>>>>> This would result to data corruption and potential crash of the OS.
>>>> I don't quite understand the failure mode here: Why does vCPU migration
>>>> cause cache inconsistency in the middle of one of these "cleans", but
>>>> not under normal operation?
>>> Because they target a specific S/W cache level whereas other cache
>>> operations are working with VA.
>>> To make it short, the other VA cache instructions will work to Poinut of
>>> Coherency/Point of Unification and guarantee that the caches will be
>>> consistent. For more details see B2.2.6 in ARM DDI 046C.c.
>> I skimmed that section, and I'm not much the wiser.
>> Just to be clear, this is my question.
>> Suppose we have the following sequence of events (where vN[pM] means
>> vcpu N running on pcpu M):
>> Start with A == 0
>> 1. v0[p1] Read A
>>    p1 has 'A==0' in the cache
>> 2. scheduler migrates v1 to p0
>> 3. v0[p0] A=2
>>    p0 has 'A==2' in the cache
>> 4 scheduler migrates v0 to p1
>> 5 v0[p1] Read A
>> Now, I presume that with the guest not doing anything, the Read of A at
>> #5 will end up as '2'; i.e., behind the scenes somewhere, either by Xen
>> or by the hardware, between #1 and #5, p0's version of A gets "cleaned"
>> and p1's version of A gets "invalidated" (to use the terminology from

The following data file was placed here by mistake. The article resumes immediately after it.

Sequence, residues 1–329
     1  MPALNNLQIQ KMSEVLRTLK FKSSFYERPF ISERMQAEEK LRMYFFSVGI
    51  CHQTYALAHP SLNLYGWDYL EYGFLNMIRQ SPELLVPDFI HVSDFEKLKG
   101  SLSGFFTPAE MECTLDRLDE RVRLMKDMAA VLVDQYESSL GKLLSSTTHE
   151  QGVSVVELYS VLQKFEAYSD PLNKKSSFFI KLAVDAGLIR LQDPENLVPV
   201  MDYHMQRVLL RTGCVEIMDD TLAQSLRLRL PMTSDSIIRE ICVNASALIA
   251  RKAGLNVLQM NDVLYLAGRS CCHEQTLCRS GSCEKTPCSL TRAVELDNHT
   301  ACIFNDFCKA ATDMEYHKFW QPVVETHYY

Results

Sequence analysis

>> the section mentioned above).
> Caches on Arm are coherent and are controlled by the attributes in the 
> page-tables. Imagine the region is normal cacheable and inner-shareable, 
> a data synchronization barrier in #4 will ensure the visibility of the A 
> to p1. So A will be read as 2.
>> So my question is, how does *adding* cache flushing of any sort end up
>> violating the integrity in a situation like the above?
> Because the integrity is based on the memory attributes in the 
> page-tables. S/W instructions work directly on the cache and will break 
> the coherency. Marc pointed me to his talk [1] that explain cache on Arm 
> and also the set/way problem (see from slide 8).

On top of bypassing the coherency, S/W CMOs do not prevent lines from
migrating from one CPU to another. So you could happily be flushing by
S/W, and still end up with dirty lines in your cache. Success!

At that point, performance is the least of your worries.

>>>>> For those been worry about the performance impact, I have looked at the
>>>>> current use of S/W instructions:
>>>>>       - Linux Arm64: The last used in the kernel was beginning of 2015
>>>>>       - Linux Arm32: Still use S/W for boot and secondary CPU